The Indian Economy Blog

September 23, 2005

Markets Move, Ok?

Filed under: Capital markets — Amit Varma @ 2:55 am

That excellent columnist, Ila Patnaik, writes in the Indian Express:

The drama in the stock market has highlighted how India is still an immature market economy. It is the job of the stock market to fluctuate, to move in response to expectations. But in the media and in official circles in India, this induces disproportionate hysteria.

To become a mature market economy, the government has to stop trying to manage prices. When prices fall, as they did on 17 May 2004, we do not need the government to “prop up the market” or to look for manipulators. And when prices rise, we do not need a coordinated assault on the market. The government must respect the process of speculative price discovery, and accept the valuations that come out of it.

Amen. Read the full thing.

10 Comments »

  1. Thanks for the link, Amit. I have posted about this story too.

    Comment by New Economist — September 23, 2005 @ 6:01 am

  2. India need infrastructure 100 year old roads is not the charm of the city!!

    Comment by Rahul — September 23, 2005 @ 4:27 pm

  3. well, free market remains a figment..indian stock market has been fed the same credit bubble fodder, thru FIIs, as few other so called emerging market..The average Ram ought to steer clear of the stock market which may come down as quickly as it has gone up..
    much buzz about offshoring notwithstanding, indian work ethic as well as horrendous red tape is still a huge problem..when the credit squeeze comes along pending housing bubble-bursts worldwide, india would have to start afresh….barring the hoopla aka mirza-effect.

    Comment by sanjay(miami) — September 24, 2005 @ 3:46 pm

  4. Alan Greenspan has in the past year repeatedly comment against the housing bubble in the US. The job of the Federal reserve is to make sure that growth happens on a substained basis – i.e. there is no market crash, and there are are no bubbles that form. If there is a bubble forming somewhere, it has to be contained by the policy makers. Same goes for Indian markets.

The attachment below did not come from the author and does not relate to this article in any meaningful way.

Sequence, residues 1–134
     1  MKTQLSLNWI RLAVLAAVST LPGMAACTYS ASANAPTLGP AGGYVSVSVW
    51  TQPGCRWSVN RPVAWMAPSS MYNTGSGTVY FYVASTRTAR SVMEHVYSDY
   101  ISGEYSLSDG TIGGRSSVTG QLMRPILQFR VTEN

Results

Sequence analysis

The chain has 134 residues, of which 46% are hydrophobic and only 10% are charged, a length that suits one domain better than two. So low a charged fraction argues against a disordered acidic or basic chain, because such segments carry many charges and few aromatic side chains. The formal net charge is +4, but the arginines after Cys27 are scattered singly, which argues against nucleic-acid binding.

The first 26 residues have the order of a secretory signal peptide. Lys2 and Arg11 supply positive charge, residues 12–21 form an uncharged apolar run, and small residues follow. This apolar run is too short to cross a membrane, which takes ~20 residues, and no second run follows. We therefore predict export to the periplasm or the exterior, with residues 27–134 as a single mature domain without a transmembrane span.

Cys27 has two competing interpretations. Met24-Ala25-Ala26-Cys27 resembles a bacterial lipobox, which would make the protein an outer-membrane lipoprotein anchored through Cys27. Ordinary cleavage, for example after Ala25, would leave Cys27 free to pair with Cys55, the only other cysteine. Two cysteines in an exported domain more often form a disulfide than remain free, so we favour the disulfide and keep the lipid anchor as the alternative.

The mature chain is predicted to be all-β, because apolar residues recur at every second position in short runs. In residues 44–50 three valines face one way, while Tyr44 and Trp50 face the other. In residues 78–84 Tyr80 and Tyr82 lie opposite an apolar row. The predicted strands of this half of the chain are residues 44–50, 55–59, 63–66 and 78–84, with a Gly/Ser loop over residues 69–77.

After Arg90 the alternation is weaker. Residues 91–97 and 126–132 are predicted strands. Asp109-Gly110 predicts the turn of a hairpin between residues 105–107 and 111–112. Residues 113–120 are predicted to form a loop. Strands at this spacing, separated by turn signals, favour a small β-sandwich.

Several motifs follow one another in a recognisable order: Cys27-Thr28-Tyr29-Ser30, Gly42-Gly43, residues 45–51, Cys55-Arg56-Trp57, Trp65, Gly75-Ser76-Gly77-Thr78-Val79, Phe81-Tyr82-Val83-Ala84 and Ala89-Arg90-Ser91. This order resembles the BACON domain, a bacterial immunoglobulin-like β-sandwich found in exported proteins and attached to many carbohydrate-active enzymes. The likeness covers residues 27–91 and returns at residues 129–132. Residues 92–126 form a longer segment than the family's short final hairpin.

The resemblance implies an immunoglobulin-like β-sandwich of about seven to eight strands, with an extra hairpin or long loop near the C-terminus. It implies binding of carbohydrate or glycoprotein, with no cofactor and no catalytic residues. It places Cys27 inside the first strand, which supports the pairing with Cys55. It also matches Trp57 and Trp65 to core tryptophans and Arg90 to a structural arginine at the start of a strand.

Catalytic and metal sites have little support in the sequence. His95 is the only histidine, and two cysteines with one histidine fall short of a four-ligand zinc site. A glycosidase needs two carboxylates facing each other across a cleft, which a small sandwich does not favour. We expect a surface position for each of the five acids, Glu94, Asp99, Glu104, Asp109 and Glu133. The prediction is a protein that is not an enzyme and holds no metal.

Indian market is extremely less regulated. It is the job of SEBI to make sure there is no manipulation, and if anyone has seen the way markets have moved in the last couple of months, there has been a big element of speculation and manipulation. As SEBI has limited powers vs. the SEC in the US, the finance ministry has to get involved to curb manipulation. Over time, the finance ministry may devolve more power to the RBI and SEBI, but till that time comes, the government has to get involved.

    Comment by Gaurav Jain — September 25, 2005 @ 6:36 pm

  5. Gaurav says “It is the job of SEBI to make sure there is no manipulation, and if anyone has seen the way markets have moved in the last couple of months, there has been a big element of speculation and manipulation. As SEBI has limited powers vs. the SEC in the US, the finance ministry has to get involved to curb manipulation.”

    Gaurav

    1) Can you please define manipulation for us?

    2) How is speculation different from trading?

    Comment by Prashant Kothari — September 25, 2005 @ 11:51 pm

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  9. SxzZx

    Comment by kuttan — September 9, 2006 @ 8:15 pm

  10. Indian job market is less regultaed but it is actually moving towards
    forming a more highly paid market, and stopping the flow of talented personels leaving the country. like computer related fields etc

    Comment by Mohammed — December 8, 2006 @ 9:54 am

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